• HashiCorp announced the public availability of HashiCorp Vault 1.2. According to the company, new features are focused on supporting new architectures for automated credential and cryptographic key management at a global, highly-distributed scale. Specifically, it includes KMIP Server Secret Engine (Vault Enterprise only) which allows Vault to serve as a KMIP Server for automating secrets management and encryption as a service workflows with enterprise systems; integrated storage; identity tokens; and database static credential rotation.
  • CodeStream is now available for deployment through the Slack app store. With CodeStream, developers can more easily use Slack to discuss code; instead of cutting and pasting, developers can now share code blocks in context right from their IDE. Replies can be made in Slack or CodeStream, and in either case, they become part of the thread that is permanently linked to the code.
  • Armory announced it has raised $28M in its pursuit of additional development of Spinnaker, the firm’s open-source, multi-cloud continuous delivery platform used by developers to release quality software with greater speed and efficiency.
  • Our DevOps consulting team enjoyed this article by Mike Cohn on, Overcoming Four Common Objections to the Daily Scrum. In it, he discusses best practices for well-run daily Scrums.

AWS News

  • Operators can now use AWS CloudFormation templates to specify AWS IoT Events resources. According to the firm, this improvement enables you to use CloudFormation to deploy AWS IoT Events resources—along with the rest of your AWS infrastructure—in a secure, efficient, and repeatable way. The new capability is available now where IoT Events are available.
  • Amazon has added a new Predictions category to its Amplify Framework, allowing operators to now easily add and configure AI/ML use cases to their web and/or mobile applications.
  • In response to greater transparency, Amazon has launched the AWS CloudFormation Coverage Roadmap. In it AWS shares its priorities for CloudFormation in four areas: features that have shipped and are production-ready; features that are on the near-horizon and you should expect to see within the next few months; longer-term features that are actively being worked on; and features being researched.
  • AWS introduced the availability of the Middle East Region, the first AWS Region in the Middle East; it is comprised of three Availability Zones.
  • Our AWS Consulting team enjoyed this AWS blog, Analyzing AWS WAF logs with Amazon ES, Amazon Athena, and Amazon QuickSight, by Aaron Franco in which he discusses how to aggregate AWS WAF logs into a central data lake repository. Check out our resource page for additional reading on AWS WAF.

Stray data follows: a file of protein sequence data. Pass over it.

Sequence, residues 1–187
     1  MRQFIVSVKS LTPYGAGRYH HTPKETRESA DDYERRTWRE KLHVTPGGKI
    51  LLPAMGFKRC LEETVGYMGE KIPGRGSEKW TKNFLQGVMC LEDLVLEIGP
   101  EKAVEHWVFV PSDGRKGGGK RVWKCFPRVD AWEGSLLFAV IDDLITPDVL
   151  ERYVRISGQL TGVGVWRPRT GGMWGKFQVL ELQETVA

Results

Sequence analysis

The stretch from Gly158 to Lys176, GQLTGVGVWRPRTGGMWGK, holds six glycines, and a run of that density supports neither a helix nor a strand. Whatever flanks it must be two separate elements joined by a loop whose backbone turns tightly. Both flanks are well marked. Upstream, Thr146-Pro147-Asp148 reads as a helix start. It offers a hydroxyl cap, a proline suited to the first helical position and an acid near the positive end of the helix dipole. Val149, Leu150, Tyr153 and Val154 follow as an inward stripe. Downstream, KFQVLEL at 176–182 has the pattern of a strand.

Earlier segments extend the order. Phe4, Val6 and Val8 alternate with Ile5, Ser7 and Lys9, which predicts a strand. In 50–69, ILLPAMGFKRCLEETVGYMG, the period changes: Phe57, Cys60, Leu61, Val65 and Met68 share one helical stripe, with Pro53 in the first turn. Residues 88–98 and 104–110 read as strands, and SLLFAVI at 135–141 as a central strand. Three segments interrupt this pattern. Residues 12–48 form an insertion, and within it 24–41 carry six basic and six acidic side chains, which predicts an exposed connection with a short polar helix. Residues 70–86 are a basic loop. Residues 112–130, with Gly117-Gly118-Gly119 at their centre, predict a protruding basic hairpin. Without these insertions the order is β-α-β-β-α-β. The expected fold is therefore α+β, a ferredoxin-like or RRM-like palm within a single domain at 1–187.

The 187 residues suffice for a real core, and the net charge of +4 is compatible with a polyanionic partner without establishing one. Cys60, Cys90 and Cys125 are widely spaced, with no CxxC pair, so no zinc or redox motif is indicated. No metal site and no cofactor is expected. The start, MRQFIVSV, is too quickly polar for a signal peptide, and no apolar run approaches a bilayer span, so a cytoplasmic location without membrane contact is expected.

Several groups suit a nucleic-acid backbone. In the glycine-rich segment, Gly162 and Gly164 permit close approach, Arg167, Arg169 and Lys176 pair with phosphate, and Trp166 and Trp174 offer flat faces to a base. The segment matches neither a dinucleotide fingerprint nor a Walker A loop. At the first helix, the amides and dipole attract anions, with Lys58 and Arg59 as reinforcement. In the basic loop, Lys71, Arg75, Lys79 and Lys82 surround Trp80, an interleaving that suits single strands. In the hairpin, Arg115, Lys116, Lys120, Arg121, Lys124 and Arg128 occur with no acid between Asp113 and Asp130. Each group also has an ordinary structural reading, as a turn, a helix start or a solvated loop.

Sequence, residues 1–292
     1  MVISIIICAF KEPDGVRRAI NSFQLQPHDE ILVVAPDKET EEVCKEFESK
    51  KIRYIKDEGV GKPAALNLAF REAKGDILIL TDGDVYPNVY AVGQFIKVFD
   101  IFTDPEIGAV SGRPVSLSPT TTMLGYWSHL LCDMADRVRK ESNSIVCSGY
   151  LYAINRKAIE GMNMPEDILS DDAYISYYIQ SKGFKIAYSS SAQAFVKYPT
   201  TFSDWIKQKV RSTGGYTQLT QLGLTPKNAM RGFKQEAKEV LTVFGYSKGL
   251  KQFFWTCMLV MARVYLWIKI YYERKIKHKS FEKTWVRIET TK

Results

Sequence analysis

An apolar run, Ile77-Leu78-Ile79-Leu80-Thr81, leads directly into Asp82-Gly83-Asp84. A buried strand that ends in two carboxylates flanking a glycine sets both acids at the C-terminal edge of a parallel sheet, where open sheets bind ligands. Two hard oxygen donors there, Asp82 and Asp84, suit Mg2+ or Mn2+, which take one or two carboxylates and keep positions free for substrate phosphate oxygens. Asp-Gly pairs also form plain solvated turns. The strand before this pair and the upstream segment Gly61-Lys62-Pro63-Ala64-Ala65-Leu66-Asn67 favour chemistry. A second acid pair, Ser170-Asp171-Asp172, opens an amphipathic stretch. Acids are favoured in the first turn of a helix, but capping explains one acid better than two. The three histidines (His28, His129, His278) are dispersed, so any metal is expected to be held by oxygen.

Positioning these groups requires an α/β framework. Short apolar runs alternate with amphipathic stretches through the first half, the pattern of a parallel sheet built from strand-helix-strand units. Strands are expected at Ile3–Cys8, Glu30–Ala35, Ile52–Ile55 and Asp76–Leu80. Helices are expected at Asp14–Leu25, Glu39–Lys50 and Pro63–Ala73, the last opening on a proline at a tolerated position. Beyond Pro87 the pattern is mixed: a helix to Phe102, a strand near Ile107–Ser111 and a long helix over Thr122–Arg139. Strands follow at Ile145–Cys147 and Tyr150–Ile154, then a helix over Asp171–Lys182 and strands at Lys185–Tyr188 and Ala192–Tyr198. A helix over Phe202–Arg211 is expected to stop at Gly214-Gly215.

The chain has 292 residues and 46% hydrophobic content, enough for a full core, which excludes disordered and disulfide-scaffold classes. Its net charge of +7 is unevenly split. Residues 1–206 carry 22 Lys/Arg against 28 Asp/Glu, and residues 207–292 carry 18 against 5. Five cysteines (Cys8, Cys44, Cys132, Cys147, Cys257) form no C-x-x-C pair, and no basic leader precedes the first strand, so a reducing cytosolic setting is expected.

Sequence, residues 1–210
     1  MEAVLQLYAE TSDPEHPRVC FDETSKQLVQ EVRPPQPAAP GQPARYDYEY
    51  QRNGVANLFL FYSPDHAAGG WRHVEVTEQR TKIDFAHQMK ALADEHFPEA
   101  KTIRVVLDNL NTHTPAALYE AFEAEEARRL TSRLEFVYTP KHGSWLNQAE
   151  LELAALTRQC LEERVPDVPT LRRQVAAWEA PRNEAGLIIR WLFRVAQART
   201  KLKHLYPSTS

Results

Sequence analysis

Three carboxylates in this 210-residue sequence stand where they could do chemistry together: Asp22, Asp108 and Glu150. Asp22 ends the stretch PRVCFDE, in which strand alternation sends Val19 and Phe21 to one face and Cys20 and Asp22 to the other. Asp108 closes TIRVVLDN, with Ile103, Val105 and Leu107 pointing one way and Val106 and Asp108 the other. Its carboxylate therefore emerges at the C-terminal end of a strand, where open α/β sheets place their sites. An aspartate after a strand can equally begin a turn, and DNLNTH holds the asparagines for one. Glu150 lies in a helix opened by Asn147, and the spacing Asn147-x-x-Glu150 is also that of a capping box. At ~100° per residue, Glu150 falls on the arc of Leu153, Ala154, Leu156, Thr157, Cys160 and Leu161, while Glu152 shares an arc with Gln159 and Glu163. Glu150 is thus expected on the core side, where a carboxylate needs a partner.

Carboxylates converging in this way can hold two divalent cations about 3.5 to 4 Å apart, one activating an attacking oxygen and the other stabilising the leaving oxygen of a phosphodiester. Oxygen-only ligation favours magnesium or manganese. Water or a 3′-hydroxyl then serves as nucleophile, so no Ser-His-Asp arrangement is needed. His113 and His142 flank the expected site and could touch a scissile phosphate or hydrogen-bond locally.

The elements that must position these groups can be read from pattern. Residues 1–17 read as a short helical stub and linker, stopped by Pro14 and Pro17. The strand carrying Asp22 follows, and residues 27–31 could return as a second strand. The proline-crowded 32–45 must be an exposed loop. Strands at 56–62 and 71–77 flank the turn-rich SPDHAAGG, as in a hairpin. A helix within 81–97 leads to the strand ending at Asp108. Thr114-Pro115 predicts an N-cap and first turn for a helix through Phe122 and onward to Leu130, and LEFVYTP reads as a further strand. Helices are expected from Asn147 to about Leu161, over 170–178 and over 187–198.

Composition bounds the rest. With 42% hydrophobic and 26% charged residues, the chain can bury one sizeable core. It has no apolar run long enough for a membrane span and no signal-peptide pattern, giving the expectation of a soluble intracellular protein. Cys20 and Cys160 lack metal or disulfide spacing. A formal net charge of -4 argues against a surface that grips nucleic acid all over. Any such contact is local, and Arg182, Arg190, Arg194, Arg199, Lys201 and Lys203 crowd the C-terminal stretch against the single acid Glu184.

Flux7 News

  • We continued our blog series about becoming an Agile Enterprise, with the Flux7 case study of our OKR (Objectives and Key Results) journey, sharing lessons we learned along the way and greater role of OKRs in an Agile Enterprise. In case you missed the first article in the series on choosing a flatarchy organizational structure, you can read it here.
  • For CIOs and technology leaders looking to lead the transition to an Agile Enterprise, Flux7 has published a new paper on How CIOs Can Prepare an IT Platform for the Agile Enterprise. Download it today to learn how a technology platform that supports agility with IT automation and DevOps best practices can be a key lever to helping IT engage with and improve the business.

Download the Paper Today

Written by Flux7 Labs

Flux7 is the only Sherpa on the DevOps journey that assesses, designs, and teaches while implementing a holistic solution for its enterprise customers, thus giving its clients the skills needed to manage and expand on the technology moving forward. Not a reseller or an MSP, Flux7 recommendations are 100% focused on customer requirements and creating the most efficient infrastructure possible that automates operations, streamlines and enhances development, and supports specific business goals.

from Flux7 DevOps Blog

The Agile Enterprise: A Flux7 OKR Case Study

The Agile Enterprise: A Flux7 OKR Case Study

Flux7 Agile Enterprise Case Study OKR

The Agile Enterprise is becoming the way successful companies operate and at Flux7 we like to lead by example. As a result, we have embraced many Agile practices across our business — from OKRs to a flatarchy (for additional background, read our blog, Flatarchies and the Agile Enterprise) — and plan to share in a short blog series how we are implementing these agile best practices, lessons we’ve learned along the way and the impacts they’ve had on our business. In today’s blog, we start by taking a look at our OKR (Objectives and Key Results) story and the greater role of OKRs in an Agile Enterprise.

Created by Intel and made popular by organizations like Amazon, Google, Microsoft, and Slack, OKR is a goal setting management style that is gaining traction. The goal of OKRs is to align individuals, teams and the organization as a whole around measurable results that have everyone rowing in the same direction.

Our OKR Timeline

Excited to begin, we started experimenting with them in early Q4 of 2018. And, our first serious attempt with OKRs was as we looked to build them for Q1 of 2019. After trying it once, we saw the shortcomings of what we had done (keep reading as we discuss lessons learned from that exercise below) and brought in an expert who could help us learn and improve. We found Dan Montgomery, founder of Agile Strategies and author of Start Less Finish More, to be exactly what we were looking for.